HomeWhat's TrendingTax Tribunal Provides Relief to Congress, Allows Operation of 'Frozen' Accounts

Tax Tribunal Provides Relief to Congress, Allows Operation of ‘Frozen’ Accounts

In a dramatic turn of events, Congress Treasurer Ajay Maken’s announcement of the freezing of the party’s bank accounts sent shockwaves through the political arena. However, relief came swiftly as the Income Tax Appellate Tribunal clarified that while there would be a lien on the accounts, there would be no restrictions on the party operating them.

Rajya Sabha MP and lawyer Vivek Tankha, who represented the Congress party before the tax tribunal, disclosed the development after appearing before the bench in Delhi. Tankha argued that the freezing of accounts could hamper the party’s ability to participate in the upcoming Lok Sabha elections, raising concerns about financial constraints affecting various political activities.

The tax tribunal, in response, assured Tankha that the freezing of accounts would only result in a lien, emphasising that the Congress party could continue its operations without hindrance. Tankha also revealed that the hearing on the merits of the case is scheduled for Wednesday.

Earlier today, Ajay Maken addressed a press conference, revealing that not only the Congress party’s accounts but also those of the Youth Congress had been frozen. Maken expressed the immediate impact of this freeze on the party’s financial capabilities, affecting essential expenditures such as electricity bills and employee salaries.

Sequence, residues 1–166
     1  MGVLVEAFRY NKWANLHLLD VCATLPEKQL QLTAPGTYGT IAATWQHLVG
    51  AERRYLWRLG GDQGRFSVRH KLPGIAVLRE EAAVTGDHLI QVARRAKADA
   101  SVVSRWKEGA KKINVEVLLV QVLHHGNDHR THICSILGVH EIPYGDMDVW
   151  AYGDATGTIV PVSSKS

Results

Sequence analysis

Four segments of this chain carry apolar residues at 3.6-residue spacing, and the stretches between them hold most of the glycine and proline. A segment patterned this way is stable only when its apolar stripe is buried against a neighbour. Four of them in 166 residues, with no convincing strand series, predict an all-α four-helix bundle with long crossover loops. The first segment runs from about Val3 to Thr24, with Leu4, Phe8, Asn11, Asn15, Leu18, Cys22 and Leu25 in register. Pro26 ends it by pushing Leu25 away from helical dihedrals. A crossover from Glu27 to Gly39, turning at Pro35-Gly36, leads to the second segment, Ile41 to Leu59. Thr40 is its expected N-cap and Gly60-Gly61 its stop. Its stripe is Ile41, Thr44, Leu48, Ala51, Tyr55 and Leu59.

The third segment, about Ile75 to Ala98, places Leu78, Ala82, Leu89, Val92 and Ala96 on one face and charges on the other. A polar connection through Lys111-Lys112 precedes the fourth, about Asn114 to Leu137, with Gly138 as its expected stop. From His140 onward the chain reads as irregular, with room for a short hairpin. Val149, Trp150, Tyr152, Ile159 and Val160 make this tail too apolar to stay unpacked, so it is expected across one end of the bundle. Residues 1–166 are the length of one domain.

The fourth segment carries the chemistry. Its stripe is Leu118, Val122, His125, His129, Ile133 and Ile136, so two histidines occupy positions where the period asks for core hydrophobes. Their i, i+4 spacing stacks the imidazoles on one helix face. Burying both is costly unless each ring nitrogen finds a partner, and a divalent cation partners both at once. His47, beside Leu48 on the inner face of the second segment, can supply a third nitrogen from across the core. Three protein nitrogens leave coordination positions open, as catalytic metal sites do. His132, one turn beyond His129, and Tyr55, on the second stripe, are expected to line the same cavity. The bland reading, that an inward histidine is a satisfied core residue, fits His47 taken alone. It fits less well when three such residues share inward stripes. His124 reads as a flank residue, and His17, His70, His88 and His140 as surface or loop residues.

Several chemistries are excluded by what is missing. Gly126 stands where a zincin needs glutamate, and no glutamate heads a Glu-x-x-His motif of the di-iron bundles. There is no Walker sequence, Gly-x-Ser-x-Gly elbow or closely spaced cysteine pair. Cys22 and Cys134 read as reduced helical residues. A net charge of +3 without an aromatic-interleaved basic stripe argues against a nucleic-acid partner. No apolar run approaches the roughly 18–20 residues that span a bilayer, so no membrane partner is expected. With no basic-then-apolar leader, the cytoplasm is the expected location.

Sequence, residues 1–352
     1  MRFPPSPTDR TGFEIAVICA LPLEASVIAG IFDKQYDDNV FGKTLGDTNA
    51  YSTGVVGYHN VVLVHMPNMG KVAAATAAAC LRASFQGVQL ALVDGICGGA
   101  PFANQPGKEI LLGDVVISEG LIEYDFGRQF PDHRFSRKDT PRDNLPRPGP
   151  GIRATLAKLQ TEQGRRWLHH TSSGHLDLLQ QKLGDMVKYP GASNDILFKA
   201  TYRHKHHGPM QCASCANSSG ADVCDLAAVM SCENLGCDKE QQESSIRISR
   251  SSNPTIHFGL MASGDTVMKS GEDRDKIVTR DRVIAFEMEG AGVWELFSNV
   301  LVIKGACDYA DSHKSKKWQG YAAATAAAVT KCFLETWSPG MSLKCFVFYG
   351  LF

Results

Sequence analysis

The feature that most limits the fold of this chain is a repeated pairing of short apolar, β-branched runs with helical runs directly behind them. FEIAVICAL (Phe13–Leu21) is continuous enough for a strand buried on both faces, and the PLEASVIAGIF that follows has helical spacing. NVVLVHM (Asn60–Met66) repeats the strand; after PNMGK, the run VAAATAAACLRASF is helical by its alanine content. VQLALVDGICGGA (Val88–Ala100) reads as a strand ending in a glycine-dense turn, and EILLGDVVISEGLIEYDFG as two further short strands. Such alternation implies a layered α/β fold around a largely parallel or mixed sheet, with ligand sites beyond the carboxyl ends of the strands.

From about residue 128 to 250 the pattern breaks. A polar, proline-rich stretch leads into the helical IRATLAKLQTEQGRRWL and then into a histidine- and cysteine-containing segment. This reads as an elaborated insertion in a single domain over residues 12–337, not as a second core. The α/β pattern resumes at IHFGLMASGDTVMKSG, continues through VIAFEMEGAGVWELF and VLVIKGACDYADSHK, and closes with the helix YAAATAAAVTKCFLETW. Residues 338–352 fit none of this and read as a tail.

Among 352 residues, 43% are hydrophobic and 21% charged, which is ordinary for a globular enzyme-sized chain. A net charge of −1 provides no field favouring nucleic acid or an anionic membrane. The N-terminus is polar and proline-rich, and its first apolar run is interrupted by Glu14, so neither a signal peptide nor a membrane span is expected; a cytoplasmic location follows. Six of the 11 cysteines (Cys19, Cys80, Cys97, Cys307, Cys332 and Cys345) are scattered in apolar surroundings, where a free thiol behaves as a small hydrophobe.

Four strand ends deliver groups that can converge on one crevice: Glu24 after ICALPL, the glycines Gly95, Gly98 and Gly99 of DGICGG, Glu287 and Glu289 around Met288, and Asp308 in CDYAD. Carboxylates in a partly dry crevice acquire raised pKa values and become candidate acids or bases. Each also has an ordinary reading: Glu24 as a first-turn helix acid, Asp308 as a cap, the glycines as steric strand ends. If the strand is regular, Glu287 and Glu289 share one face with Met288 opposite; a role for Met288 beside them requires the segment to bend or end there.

Maken stated, ‘We got information yesterday that banks are not honouring the cheques we are issuing. On further investigation, we found out that the Youth Congress bank accounts have been frozen. The accounts of the Congress party have also been seized.’ He went on to highlight the Income Tax Department’s demand for a recovery of ₹ 210 crore from both the Youth Congress and the Congress party.

The freezing of bank accounts comes at a critical juncture, just weeks before the Lok Sabha elections. Maken raised concerns about the broader implications, stating, ‘Just two weeks before elections, when the Opposition’s accounts are frozen, it is equivalent to freezing democracy.’

This development adds another layer of complexity to the political landscape, particularly in the wake of the Supreme Court’s recent decision to scrap the Centre’s electoral bonds scheme, deeming it unconstitutional. The court mandated the disclosure of donors, amounts, and recipients of electoral bonds by March 13, further emphasising the need for transparency in political funding. As the Congress party faces financial challenges, the upcoming hearing on Wednesday will be closely watched, as it could have far-reaching implications on the party’s electoral participation.

Monika Shanmugam